THE icy wind blowing down to SA from hot and humid Nigeria over mass yellow-fever certificate deportations this past fortnight has highlighted the tensions that lie close to the surface in this uneasy relationship between Africa’s two pivotal states.
This issue highlights not the problem of health requirements as much as the negative perceptions about each other’s nationals. The yellow-fever certificate issue is not new. It has been a thorny issue between the countries for years.
The question is why it has not yet been resolved by authorities on both sides of the fence. Notwithstanding SA’s apology to Nigeria for the poor treatment of Nigerian nationals, the issue at the heart of the matter has not been clarified. Are many Nigerians travelling on fake or problematic yellow-fever certificates or not?
It is clear this is not being policed properly at key points, despite the fact that SA’s authorities require the certificate in order to issue visas and immigration and airline authorities in Lagos are also supposed to do checks. And yet touts freely sell yellow-fever certificates outside Lagos’s airport.
Nigeria’s health minister says there has been no case of yellow fever since 1995 and there is no need for the certificate. But that misses the point. It is currently a legal requirement and should be respected by everyone.
But it is also not clear if there were real problems with the yellow-fever certificates of 123 people sent back off two flights 10 days ago, sparking the diplomatic incident, or if it was simply the result of bad attitude by a bureaucrat. The bilateral political dialogue that has taken place as a result of the diplomatic fracas has been positive. Officials have examined longstanding problems that have been raising tensions and perhaps they can finally be resolved. But it may take longer to tackle the deep-seated issues that lie at the heart of the problem.
Many analysts talk about the geopolitical aspect of the relationship — the competition between the two economic powers for prominence on the global stage. But it is actually the “soft” issues that have the most effect on relations between the countries.
Nigerians actively campaigned against apartheid for years and expected a warm welcome in SA in 1994. Instead they were greeted with hostility and suspicion.
The image of Nigerians being criminals was created by a tiny minority, but few South Africans bothered to look beyond the stereotype — although increasing business ties have markedly improved the situation.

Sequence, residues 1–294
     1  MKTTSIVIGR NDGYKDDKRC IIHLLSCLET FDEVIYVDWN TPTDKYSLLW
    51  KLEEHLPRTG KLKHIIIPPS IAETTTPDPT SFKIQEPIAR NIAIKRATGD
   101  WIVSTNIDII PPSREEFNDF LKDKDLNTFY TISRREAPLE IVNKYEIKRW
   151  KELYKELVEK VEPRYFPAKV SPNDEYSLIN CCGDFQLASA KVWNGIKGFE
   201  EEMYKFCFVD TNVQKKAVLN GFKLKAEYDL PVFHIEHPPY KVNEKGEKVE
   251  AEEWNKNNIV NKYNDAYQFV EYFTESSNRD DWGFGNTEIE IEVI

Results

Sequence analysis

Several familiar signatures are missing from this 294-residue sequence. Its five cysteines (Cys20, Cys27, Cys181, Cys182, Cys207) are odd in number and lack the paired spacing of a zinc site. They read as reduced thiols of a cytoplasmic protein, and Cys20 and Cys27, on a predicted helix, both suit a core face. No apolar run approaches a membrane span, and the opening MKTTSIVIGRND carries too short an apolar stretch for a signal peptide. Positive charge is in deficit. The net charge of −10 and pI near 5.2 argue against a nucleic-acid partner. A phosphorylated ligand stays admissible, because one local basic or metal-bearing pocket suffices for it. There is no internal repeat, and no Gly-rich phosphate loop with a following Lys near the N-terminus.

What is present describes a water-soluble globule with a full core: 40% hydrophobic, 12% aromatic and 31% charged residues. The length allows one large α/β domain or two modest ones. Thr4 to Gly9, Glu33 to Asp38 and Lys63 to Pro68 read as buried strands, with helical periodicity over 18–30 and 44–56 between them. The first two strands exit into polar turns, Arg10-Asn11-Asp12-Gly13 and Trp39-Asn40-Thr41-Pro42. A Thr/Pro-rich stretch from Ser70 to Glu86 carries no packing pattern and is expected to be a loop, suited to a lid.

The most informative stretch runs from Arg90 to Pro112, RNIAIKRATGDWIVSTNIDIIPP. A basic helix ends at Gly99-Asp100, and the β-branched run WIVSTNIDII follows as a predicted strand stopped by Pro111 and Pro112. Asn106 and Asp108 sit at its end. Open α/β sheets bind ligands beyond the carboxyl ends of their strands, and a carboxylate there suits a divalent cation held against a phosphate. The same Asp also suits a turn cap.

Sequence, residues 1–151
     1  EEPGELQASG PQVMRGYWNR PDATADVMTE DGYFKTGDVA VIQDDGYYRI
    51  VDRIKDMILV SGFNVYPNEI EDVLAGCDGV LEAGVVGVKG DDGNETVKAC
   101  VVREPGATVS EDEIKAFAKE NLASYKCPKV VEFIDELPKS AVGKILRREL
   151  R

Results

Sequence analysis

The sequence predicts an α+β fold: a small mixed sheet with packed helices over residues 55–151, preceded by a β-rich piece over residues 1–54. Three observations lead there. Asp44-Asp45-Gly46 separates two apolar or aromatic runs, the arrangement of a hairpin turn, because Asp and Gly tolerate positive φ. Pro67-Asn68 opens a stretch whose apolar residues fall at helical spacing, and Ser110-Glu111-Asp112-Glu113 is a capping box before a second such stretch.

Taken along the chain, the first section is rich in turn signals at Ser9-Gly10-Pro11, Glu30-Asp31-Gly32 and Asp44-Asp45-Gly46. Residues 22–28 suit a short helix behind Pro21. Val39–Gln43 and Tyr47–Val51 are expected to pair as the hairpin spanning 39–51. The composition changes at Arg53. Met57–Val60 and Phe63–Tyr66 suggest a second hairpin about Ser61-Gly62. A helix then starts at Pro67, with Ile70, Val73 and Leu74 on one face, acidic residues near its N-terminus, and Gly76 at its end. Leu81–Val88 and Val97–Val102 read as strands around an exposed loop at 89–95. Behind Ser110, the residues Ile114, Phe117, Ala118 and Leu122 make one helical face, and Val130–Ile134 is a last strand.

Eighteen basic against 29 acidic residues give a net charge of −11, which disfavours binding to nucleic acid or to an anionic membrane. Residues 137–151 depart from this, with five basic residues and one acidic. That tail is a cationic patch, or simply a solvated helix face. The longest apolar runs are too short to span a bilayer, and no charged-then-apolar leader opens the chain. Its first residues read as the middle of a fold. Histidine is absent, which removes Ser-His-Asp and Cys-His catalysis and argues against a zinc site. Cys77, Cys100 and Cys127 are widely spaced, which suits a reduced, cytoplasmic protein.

The difficulty Nigerians experienced in getting visas to come to SA, and their poor treatment by officials at our diplomatic missions, fuelled tension and led Nigeria’s immigration authorities to tighten visa requirements for South Africans.
Unfortunately, when the political relationship hits a bad patch, South African companies bear the brunt of it as they are the face of the bilateral relationship in Nigeria. Business people suffered most from Nigeria’s retaliation on the visa issue and they formed the bulk of those turned back at the airport recently. The foreign minister had already threatened to “clamp down” on SA’s companies if SA did not apologise for its immigration officials’ actions.
Nigeria’s politicians also believe that the trade and investment relationship between the countries should be more equal.
This view negates economic and market realities but unfortunately it informs political sentiment.
Leaders on both sides have neglected the broader political relationship recently. The binational commission has become moribund and we have yet to see a state visit in either direction under the Zuma and Jonathan administrations.
No side came off very well in this unseemly diplomatic spat. For two countries that are seen as Africa’s key problem-solvers, there was no reason it should have come to this. Hopefully there is no lasting damage. The reality is that SA needs Nigeria more than Nigeria needs SA. The country is one of our biggest trade and investment destinations and a major source of crude oil.
Keeping the relationship on track does not mean compromising our regulations but it does mean applying them with respect.
• Games is CE of Africa @ Work and honorary CEO of the SA-Nigeria Chamber of Commerce.